On Scotland and the Scottish

My name is Harbour, and I am a 27 year old Scottish single mother and I will be writing a blog following the Scottish Independence Referendum. Why, you ask? Well, apart from a dearth of articles about this on gawker (bar the sarcastic), I feel that as a Scot I can provide valuable insight into why Scotland is even considering independence, why it is important and how even the fact we are voting on it in the first place will affect future generations.

So was I born a Scot? Actually, no. I was born in Surrey, one of the most Englishest places ever, and stayed there for the first year or so of my life. My parents met in a hospital, a Scouser porter and a Scottish nurse, fell in love and married fairly quickly afterwards. (No, not because of me, I came along 3 years later) They then moved to Scotland, popped out three more kids, and my mum is now a Primary School teacher and my dad provides maintenance for buildings while taking as many tea/fag breaks as he can without raising suspicion.

Our family, mainly consisting of mum's extended family, is concentrated all within the same area. The area itself is pretty poor, like a lot of working class Scotland: lots of insecure employment, NEETs (young people Not in Education, Employment or Training), poverty, alcohol and drug abuse, violence and a general lack of aspiration pervades the area like a smog that just won't shift. Politically, like much of Scotland, our area is traditionally considered a Labour seat, meaning relatively left-wing. However this does little good in the General UK Election: our seats are considered so safe that an individual vote is worth next to nothing in the First Past the Post system. A lot of locals switched from Labour to the Liberal Democrats in the last election but found themselves sorely disappointed when the Coalition with the Tories (right-wing and very much hated in Scotland) was formed.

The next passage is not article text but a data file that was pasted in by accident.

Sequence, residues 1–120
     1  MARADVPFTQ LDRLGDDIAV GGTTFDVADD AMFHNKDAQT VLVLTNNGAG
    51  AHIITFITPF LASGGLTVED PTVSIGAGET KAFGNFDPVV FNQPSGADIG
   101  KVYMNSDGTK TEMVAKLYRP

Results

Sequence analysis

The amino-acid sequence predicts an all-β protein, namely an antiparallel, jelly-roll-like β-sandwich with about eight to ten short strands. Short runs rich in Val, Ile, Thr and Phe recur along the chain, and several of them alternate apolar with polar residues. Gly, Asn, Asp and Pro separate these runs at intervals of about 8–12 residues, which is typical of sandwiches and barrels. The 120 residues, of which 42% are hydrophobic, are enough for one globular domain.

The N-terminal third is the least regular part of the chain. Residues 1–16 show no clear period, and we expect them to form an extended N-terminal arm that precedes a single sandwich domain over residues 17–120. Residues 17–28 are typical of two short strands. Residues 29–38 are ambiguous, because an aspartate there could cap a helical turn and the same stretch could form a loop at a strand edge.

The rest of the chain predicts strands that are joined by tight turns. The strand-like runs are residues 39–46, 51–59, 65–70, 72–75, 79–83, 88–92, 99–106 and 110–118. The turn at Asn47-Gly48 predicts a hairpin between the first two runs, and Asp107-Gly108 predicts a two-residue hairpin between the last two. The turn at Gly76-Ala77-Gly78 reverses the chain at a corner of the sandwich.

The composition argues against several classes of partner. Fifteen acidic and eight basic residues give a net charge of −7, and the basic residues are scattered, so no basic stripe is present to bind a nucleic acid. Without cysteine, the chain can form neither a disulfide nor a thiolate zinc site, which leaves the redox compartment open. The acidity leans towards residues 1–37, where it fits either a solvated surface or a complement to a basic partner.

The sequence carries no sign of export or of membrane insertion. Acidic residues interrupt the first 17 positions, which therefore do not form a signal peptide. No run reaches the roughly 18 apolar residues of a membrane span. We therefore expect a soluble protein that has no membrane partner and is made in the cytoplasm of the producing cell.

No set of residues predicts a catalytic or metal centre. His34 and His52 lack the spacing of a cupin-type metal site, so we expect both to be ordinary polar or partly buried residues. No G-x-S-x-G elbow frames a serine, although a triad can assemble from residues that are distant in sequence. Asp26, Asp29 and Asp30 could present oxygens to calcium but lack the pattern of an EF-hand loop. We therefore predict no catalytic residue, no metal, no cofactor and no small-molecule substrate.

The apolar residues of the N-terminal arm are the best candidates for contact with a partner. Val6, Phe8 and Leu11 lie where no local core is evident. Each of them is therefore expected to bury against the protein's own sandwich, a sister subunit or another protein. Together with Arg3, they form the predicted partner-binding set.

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There is no love lost between Tories and Scotland. Since Thatcher, the Tory vote has dwindled to an almost negligible amount in Scotland. While you meet the odd one (I once accidentally went on a date with one, but that is a story for another time) the joke is that there are more Pandas in Scotland (2) than Tory MPs (1). On the surface it is hilarious, but now we have a Tory government based 400-odd miles away making decisions about an area where they were not voted for. Which, as you can imagine, rankles the locals a bit.

I think it has been this Return of the Tories (like Return of the Jedis except with less light sabres and more of muppetesque MPs) that has galvanised the SNP (Scottish National Party) voters. Initially considered protest vote (ie, Scottish people, pissed off at the Westminster parties, voted for a Scottish party), have now been voted in as the leading party two Scottish elections in a row with an increasing number of votes. What will happen next remains to be seen, but it is increasingly an exciting time in Scottish politics, something which my family never thought they'd say.

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